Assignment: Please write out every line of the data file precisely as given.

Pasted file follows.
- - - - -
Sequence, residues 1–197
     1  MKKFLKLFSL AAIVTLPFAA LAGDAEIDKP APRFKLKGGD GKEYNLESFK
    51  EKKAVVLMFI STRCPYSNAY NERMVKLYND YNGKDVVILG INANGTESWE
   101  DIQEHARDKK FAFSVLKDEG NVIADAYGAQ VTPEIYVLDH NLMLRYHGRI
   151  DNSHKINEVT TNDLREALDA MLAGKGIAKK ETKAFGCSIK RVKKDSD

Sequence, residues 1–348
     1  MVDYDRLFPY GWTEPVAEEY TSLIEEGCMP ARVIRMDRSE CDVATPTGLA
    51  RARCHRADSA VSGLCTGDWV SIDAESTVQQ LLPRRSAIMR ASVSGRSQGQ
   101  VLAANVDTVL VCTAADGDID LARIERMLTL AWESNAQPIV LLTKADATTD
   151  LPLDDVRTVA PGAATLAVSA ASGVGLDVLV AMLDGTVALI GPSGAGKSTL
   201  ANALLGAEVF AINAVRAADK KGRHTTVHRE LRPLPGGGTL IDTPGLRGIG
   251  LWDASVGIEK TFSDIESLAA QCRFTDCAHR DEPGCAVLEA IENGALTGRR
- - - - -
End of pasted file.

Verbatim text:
Sequence, residues 1–197
     1  MKKFLKLFSL AAIVTLPFAA LAGDAEIDKP APRFKLKGGD GKEYNLESFK
    51  EKKAVVLMFI STRCPYSNAY NERMVKLYND YNGKDVVILG INANGTESWE
   101  DIQEHARDKK FAFSVLKDEG NVIADAYGAQ VTPEIYVLDH NLMLRYHGRI
   151  DNSHKINEVT TNDLREALDA MLAGKGIAKK ETKAFGCSIK RVKKDSD

Sequence, residues 1–348
     1  MVDYDRLFPY GWTEPVAEEY TSLIEEGCMP ARVIRMDRSE CDVATPTGLA
    51  RARCHRADSA VSGLCTGDWV SIDAESTVQQ LLPRRSAIMR ASVSGRSQGQ
   101  VLAANVDTVL VCTAADGDID LARIERMLTL AWESNAQPIV LLTKADATTD
   151  LPLDDVRTVA PGAATLAVSA ASGVGLDVLV AMLDGTVALI GPSGAGKSTL
   201  ANALLGAEVF AINAVRAADK KGRHTTVHRE LRPLPGGGTL IDTPGLRGIG
   251  LWDASVGIEK TFSDIESLAA QCRFTDCAHR DEPGCAVLEA IENGALTGRR